YOU MUST START YOUR CAMPAIGN TO COMPLAIN ABOUT A GENERIC TOP LEVEL DOMAIN BY MARCH 13
The window for objecting to the approximately 1,900 new Generic Top Level Domain (gTLD) applications that are being considered for introduction to the Internet domain name system closes on March 13, 2013. The objection mechanism is an inter partes process adjudicated by dispute resolution service providers. Filing an objection will trigger the formal dispute resolution process between the gTLD applicant and the objector and, if sustained, will prevent the applied-for gTLD from being introduced.
Brand owners should review the list of applied-for gTLDs (found on ICANN’s website here) and consider objecting before the March 13 deadline. To file an objection, a party must have standing based on one of the following four grounds:
- Legal Rights Objection: The holder of a trademark or other legal right has standing to file a legal rights objection when the applied-for gTLD string violates or infringes the legal rights of the objector. Parties filing a legal rights objection will file the objection with the World Intellectual Property Organization (WIPO). Additional information can be found here on WIPO’s website.
- String Confusion Objection: Existing TLD operators or gTLD applicants from the current round of applications may lodge a string confusion objection when the applied-for gTLD string is confusingly similar to the objector’s existing TLD or applied-for gTLD string. Parties filing string confusion objections will file with the International Centre for Dispute Resolution (ICDR). Additional information can be found here at the ICDR website.
- Limited Public Interest Objection: A party may file a limited public interest objection if the party believes the applied-for gTLD string is contrary to generally accepted legal norms of morality and public order. Parties should file limited public interest objections with the International Center of Expertise of the International Chamber of Commerce (ICC). Additional information can be found here on the ICC website.
- Community Objection: Established institutions associated with clearly defined communities can file a community objection if there is substantial opposition to the gTLD application from a significant portion of the community targeted by the gTLD string. Like limited public interest objections, a party filing a community objection will file the objection with the ICC. Additional information can be found here on ICC’s website.
Objections should be filed electronically through the respective dispute resolution service provider. The objection must be in English and must be the lesser of 5,000 words or 20 pages. Additionally, the objection should include the following information:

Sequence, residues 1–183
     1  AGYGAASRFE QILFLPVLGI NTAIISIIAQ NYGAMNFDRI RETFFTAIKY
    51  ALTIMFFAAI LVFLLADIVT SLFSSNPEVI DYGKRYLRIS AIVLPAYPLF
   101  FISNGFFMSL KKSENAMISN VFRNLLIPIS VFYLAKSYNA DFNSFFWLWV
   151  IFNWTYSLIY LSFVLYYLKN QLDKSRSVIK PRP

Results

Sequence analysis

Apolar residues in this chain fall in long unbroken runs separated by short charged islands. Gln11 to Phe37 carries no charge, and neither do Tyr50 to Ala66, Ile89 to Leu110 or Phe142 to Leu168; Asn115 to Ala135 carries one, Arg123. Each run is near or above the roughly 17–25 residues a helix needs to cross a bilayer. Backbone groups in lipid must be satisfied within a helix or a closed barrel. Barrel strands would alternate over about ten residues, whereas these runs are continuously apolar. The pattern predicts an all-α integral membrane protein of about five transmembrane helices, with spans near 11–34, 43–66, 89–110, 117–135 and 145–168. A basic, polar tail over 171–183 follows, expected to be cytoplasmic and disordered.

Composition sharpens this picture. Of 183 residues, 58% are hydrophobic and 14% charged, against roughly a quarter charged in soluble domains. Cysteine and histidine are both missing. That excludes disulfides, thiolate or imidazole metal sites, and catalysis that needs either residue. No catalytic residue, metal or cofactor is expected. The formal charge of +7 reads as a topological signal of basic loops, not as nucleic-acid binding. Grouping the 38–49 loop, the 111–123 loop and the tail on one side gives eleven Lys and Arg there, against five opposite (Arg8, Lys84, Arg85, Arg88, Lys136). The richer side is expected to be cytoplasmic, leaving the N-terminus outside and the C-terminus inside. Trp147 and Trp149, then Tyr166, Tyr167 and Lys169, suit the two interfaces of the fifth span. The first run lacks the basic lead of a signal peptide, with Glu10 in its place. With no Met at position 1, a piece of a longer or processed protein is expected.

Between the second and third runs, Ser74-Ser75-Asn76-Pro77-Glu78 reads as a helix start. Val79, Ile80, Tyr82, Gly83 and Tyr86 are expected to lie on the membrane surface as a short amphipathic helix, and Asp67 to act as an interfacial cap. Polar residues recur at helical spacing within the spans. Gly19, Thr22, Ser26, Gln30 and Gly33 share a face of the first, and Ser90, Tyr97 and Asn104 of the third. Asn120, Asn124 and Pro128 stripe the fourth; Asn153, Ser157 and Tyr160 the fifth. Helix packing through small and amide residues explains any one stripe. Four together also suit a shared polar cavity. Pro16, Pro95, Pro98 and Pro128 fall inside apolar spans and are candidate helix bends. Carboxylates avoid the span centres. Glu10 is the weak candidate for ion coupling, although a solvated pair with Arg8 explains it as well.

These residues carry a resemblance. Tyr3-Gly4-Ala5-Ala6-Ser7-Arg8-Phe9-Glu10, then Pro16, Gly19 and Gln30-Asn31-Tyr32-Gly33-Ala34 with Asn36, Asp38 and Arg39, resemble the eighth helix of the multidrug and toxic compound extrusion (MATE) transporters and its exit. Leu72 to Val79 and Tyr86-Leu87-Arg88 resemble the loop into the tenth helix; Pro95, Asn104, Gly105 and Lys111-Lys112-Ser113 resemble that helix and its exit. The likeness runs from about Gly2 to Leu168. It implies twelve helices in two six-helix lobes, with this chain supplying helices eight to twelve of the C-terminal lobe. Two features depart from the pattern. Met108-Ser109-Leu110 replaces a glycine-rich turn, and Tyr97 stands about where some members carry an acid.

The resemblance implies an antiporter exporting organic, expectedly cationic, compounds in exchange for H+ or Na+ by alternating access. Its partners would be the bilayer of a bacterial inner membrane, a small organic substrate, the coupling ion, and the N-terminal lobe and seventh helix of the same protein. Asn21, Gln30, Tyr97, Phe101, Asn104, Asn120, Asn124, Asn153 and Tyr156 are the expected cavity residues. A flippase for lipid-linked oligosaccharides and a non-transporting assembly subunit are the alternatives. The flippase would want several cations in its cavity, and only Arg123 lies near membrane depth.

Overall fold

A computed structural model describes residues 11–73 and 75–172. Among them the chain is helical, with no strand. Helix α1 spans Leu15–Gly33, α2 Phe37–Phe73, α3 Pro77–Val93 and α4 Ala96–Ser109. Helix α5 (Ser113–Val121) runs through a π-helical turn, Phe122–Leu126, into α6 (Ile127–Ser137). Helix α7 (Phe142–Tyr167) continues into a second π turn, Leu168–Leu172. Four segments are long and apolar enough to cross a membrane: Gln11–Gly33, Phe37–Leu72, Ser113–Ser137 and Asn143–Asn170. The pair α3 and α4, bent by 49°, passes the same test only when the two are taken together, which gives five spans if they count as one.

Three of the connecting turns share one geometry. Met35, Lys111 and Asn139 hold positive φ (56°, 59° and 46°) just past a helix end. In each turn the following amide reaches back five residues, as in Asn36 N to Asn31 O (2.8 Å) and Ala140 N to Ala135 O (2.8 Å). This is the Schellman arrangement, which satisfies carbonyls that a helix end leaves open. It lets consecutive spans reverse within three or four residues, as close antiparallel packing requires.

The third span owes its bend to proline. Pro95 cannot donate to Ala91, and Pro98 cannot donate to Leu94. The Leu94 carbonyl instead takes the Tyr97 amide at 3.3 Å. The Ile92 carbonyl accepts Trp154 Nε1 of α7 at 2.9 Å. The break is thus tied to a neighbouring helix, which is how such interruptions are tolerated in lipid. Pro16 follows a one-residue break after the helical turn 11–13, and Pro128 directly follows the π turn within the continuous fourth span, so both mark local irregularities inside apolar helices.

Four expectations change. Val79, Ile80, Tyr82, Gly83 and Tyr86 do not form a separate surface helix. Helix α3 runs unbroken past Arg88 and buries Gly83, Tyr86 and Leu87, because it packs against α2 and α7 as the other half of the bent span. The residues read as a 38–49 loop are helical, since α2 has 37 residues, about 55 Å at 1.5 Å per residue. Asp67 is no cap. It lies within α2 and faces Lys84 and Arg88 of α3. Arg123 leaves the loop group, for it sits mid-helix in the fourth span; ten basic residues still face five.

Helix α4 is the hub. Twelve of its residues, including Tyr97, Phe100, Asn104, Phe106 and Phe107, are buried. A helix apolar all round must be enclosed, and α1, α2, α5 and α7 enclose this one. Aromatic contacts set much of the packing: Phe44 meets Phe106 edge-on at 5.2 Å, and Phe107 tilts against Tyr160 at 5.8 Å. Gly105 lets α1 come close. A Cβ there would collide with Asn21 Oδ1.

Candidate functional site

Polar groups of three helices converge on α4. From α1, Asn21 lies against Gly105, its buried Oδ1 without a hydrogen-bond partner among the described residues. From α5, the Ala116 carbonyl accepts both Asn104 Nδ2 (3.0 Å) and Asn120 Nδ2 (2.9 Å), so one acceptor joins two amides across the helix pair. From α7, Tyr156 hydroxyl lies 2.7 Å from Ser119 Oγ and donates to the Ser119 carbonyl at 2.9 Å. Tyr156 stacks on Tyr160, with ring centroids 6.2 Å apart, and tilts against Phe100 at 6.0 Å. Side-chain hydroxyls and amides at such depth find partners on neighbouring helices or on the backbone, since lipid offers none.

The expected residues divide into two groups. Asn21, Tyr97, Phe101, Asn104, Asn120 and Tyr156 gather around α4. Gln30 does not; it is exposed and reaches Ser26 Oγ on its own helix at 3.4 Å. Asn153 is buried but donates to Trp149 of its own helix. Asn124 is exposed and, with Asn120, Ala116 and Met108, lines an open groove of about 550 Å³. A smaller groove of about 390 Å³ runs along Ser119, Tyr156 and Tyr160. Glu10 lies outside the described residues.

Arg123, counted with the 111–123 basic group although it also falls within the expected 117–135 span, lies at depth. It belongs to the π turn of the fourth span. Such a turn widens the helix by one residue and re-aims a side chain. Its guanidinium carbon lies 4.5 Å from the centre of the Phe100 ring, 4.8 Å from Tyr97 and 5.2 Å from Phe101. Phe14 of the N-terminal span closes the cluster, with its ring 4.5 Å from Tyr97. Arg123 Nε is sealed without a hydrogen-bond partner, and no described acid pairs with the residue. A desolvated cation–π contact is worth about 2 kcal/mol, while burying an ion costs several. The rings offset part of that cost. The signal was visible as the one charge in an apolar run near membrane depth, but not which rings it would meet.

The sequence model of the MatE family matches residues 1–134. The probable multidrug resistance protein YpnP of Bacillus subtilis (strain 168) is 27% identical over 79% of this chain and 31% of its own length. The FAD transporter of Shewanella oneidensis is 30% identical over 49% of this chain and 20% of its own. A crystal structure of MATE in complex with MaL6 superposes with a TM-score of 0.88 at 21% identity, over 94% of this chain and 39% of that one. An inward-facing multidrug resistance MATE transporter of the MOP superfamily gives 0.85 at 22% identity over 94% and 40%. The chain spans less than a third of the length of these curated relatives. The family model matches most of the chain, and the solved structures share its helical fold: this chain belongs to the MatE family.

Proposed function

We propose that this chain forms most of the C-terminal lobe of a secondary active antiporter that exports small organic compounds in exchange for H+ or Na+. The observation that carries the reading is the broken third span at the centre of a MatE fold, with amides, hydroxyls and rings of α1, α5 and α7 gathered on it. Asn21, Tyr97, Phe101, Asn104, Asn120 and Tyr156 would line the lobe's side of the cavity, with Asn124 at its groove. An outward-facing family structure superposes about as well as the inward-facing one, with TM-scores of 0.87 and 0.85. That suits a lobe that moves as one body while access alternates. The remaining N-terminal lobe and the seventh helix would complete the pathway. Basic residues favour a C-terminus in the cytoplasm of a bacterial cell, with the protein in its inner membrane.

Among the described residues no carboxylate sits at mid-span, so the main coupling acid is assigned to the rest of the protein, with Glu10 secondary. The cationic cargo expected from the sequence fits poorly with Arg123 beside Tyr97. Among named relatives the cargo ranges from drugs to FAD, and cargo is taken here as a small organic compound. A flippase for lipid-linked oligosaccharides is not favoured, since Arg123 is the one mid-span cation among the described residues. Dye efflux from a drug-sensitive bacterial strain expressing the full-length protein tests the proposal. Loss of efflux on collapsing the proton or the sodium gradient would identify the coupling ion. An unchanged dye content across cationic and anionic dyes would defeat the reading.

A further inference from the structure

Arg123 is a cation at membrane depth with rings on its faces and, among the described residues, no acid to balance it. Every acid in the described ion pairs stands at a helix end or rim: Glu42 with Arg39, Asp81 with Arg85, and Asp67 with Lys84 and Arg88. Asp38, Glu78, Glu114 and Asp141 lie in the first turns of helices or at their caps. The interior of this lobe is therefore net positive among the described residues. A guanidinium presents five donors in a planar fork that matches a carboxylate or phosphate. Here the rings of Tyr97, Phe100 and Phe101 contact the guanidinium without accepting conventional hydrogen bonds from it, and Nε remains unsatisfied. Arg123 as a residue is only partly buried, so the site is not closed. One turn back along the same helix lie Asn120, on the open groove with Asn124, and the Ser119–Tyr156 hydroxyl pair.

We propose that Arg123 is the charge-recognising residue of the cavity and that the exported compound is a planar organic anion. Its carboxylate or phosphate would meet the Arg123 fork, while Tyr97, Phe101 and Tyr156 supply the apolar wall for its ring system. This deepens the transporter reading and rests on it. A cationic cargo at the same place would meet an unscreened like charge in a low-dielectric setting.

- The objector’s name and contact information;
- A statement of why the objector meets the standing requirements;
- A description of the basis of the objection, including a statement giving the grounds on which the objector is objecting and a detailed explanation of the validity of the objection;
- Copies of any supporting documents; and
- Initial filing and administrative fees.
When considering whether to file an objection, parties should take into account the economics of the objection process. The objector must pay initial filing and administrative fees with the objection, ranging from approximately $3000 to $7000 depending on the type of objection and the dispute resolution service provider. The gTLD applicant must also pay filing and administrative fees when responding to the objection. Once the objection proceeds to the dispute resolution panel, the panel will estimate its fees for proceeding to resolution. Both parties – the objector and the responding gTLD applicant – must pay the full cost upfront, with the successful party receiving a refund upon resolution. Depending on the type of objection and the particular dispute resolution panel, these fees may range from approximately $8000 to $23,000. Given the “loser pays all” format of the objection process, potential objectors should carefully consider factors such as budget, strength of the objection and strategy before filing an objection.
Additional objection requirements and specific fee schedules are outlined at each dispute resolution provider’s website, and the full objection filing procedure is outlined in sections 3.2 and 3.3 of the Applicant Guidebook, found here.
Please feel free to direct questions to Richard Stockton (firstname.lastname@example.org), Victoria Webb (email@example.com), or other Banner & Witcoff attorneys.
Posted: February 19, 2013